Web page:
Phosphoroamidite synthesis vs. post-synthesis conjugation
Modifications can be incorporated into synthetic oligonucleotides in a variety of ways. Standard DNA bases are synthetically coupled via phosphoroamidite chemistry. The reaction proceeds in the 3' to 5' direction where the 5' hydroxyl group of each base attaches to the 3' phosphate group of the next base. Many modifications, such as 6-FAM, standard biotin, and internal Cy3, can be attached via phosphoroamidite chemistry directly on the synthesis column (Figure 1).
Most modifications are attached via phosphoroamidite chemistry. However, some modifications, such as NHS esters and click modifications, are attached post synthesis. The following sections will focus on the most common post-synthesis conjugations performed at IDT.
NHS ester modifications
NHS ester modifications contain an NHS (N-hydroxysuccinimide) group that reacts with an amine group to form an amide (Figure 2).
Typically, 5' NHS esters are attached through an Amino Modifier C6 group, internal NHS esters through an Amino Modifier C6 dT, and 3' NHS esters via an amino group linked to the controlled pore glass (CPG) beads used as the synthesis support (Figure 3). To identify NHS ester modifications, look for (NHS ester) after the modification name such as MAX (NHS ester).
The nature and mechanism of click chemistry was described by Dr. K. B. Sharpless at the Scripps Institute in 2001 [1, 2]. These click chemistry reactions entail coupling azide and alkyne groups through a copper-catalyzed reaction, forming a 1,2,3-triazole. This reaction is thermodynamically favorable, resulting in an irreversible reaction, and it has no side products (Figure 4). There are also copper-free click reactions .
IDT offers a variety of modifications that leave a free azide or alkyne group available for further click conjugation, giving researchers the freedom to conjugate molecules of their choice to their oligonucleotides. Alternatively, IDT can do the click conjugation for you. A reactive alkyne group is included in the oligonucleotide during synthesis. After synthesis, deprotection, and initial purification, the alkyne group is reacted with a modification containing an azide functional group.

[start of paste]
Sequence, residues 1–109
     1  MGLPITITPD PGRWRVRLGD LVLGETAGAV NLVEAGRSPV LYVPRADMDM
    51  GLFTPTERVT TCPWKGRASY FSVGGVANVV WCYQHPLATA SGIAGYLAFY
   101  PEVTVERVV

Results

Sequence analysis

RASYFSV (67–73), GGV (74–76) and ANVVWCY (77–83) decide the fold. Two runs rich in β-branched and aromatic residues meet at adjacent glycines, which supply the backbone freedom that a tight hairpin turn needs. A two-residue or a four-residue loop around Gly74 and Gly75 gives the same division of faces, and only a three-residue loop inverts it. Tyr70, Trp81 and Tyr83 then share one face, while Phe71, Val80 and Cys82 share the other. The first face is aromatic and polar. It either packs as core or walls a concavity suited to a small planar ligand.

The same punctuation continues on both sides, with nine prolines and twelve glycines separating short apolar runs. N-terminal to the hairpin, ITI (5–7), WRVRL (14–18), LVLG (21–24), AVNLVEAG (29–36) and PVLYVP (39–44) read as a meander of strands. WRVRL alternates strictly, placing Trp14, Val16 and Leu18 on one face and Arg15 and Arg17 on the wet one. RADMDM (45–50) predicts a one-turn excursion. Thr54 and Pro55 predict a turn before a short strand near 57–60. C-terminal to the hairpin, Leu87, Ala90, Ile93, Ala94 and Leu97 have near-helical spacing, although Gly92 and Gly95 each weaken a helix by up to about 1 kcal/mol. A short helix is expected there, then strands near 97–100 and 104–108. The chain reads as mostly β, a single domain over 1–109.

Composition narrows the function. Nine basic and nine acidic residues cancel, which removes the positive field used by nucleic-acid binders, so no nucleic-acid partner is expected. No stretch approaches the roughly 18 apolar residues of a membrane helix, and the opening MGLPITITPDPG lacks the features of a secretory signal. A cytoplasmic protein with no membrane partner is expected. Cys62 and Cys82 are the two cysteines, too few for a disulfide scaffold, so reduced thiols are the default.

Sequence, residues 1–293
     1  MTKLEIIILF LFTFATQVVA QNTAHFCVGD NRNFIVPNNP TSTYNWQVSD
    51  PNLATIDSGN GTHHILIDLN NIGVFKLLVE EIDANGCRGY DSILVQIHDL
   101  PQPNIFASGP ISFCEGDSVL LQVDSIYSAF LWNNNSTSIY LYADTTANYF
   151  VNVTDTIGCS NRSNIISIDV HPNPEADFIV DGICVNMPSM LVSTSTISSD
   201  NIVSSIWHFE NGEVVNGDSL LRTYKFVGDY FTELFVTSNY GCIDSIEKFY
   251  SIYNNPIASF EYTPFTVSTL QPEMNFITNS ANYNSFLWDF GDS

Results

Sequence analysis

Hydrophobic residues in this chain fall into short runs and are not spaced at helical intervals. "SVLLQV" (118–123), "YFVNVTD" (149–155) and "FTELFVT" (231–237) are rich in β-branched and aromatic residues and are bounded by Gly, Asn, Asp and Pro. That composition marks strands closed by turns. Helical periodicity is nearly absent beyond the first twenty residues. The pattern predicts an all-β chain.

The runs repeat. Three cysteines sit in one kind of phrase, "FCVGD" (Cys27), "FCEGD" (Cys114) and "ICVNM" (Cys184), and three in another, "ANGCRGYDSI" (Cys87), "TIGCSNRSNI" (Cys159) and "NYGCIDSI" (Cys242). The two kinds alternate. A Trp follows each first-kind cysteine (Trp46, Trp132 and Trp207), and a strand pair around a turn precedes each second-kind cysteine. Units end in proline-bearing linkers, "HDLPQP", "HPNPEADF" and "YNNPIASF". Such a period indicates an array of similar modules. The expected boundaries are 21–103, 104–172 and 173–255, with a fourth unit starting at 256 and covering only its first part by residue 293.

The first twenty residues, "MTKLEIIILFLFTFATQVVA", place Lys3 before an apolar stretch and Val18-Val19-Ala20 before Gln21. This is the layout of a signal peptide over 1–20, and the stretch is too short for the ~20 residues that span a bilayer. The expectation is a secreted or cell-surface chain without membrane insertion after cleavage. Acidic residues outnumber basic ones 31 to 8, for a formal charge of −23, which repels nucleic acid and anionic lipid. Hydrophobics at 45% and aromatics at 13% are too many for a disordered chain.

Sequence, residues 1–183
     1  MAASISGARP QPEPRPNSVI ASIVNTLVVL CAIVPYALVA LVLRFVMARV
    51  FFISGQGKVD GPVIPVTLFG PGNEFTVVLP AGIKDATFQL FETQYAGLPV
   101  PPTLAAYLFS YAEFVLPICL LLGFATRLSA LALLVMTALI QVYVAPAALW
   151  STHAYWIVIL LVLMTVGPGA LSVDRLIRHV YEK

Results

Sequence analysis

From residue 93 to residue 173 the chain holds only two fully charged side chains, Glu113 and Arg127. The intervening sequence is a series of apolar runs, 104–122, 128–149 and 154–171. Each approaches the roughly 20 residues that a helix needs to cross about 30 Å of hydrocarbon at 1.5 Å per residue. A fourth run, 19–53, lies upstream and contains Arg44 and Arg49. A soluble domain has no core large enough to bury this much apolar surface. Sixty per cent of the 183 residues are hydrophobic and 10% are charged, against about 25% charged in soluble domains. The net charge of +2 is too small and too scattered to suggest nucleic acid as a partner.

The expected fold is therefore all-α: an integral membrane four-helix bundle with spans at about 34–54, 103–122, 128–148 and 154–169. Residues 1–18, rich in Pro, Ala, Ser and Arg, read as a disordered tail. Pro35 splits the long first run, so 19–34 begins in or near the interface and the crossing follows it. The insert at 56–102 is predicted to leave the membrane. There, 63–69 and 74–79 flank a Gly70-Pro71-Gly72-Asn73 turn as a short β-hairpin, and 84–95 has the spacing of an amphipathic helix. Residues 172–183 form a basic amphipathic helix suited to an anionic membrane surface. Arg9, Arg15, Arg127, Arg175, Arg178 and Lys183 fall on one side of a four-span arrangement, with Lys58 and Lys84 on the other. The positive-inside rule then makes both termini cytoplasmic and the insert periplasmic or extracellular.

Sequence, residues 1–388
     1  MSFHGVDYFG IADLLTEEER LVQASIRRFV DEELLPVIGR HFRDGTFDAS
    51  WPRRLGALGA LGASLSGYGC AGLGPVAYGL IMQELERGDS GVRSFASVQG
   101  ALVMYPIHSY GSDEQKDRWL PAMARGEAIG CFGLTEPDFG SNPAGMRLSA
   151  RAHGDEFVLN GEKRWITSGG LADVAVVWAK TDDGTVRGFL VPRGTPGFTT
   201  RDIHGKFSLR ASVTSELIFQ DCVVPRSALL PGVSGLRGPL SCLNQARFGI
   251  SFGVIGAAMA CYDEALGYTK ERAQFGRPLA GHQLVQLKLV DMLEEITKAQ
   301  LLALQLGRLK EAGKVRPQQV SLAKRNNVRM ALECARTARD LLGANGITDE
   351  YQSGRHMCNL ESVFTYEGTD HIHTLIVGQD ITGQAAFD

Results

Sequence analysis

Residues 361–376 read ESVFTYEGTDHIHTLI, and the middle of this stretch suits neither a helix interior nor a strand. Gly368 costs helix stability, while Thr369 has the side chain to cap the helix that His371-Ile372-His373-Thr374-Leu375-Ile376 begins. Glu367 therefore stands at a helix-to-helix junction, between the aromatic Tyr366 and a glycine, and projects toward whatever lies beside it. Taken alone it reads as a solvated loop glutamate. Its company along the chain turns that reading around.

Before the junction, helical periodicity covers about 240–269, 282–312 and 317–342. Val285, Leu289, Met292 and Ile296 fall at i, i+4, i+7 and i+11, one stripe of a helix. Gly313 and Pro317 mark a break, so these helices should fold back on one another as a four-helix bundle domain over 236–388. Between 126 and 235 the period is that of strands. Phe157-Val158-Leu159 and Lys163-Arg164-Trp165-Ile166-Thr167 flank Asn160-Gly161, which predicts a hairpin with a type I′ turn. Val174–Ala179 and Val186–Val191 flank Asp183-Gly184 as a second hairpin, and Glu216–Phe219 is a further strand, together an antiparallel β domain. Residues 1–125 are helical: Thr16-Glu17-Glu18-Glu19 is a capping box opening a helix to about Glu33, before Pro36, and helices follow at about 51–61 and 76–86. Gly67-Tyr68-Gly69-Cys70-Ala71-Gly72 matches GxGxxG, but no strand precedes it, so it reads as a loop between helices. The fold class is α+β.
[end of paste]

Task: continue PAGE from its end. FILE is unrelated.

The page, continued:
All 5' click modifications conjugate through a 5' hexynyl group (Figure 5A) while internal click modifications conjugate through an internal alkyne (Figure 5B). The internal alkyne group is attached to dT, meaning any internal modification attached via click chemistry will incorporate an additional T base into the oligonucleotide sequence. To identify modifications attached via click chemistry, look for (azide) after the modification name, such as 6-FAM (azide). IDT can also provide a 3' Alkyne Modifier as a non-catalog request (Figure 5C).
IDT NHS ester and click chemistry modifications
Table 1 shows current IDT catalog offerings of NHS ester and click chemistry modifications. Don't see the modification you need in our catalog? No worries. IDT routinely accepts requests for modifications outside of our normal catalog offerings. Simply contact Customer Support to request non-catalog products.
Contact Technical Support at firstname.lastname@example.org with any additional questions you have about oligonucleotide modifications.
|Alexa Fluor® 488||•||•|
|Alexa Fluor® 532||•||•|
|Alexa Fluor® 546||•||•|
|Alexa Fluor® 594||•||•|
|Alexa Fluor® 647||•||•|
|Alexa Fluor® 660||•||•|
|Alexa Fluor® 750||•||•|
|Azide (NHS Ester)||•||•||•|
Table 1. NHS ester modifications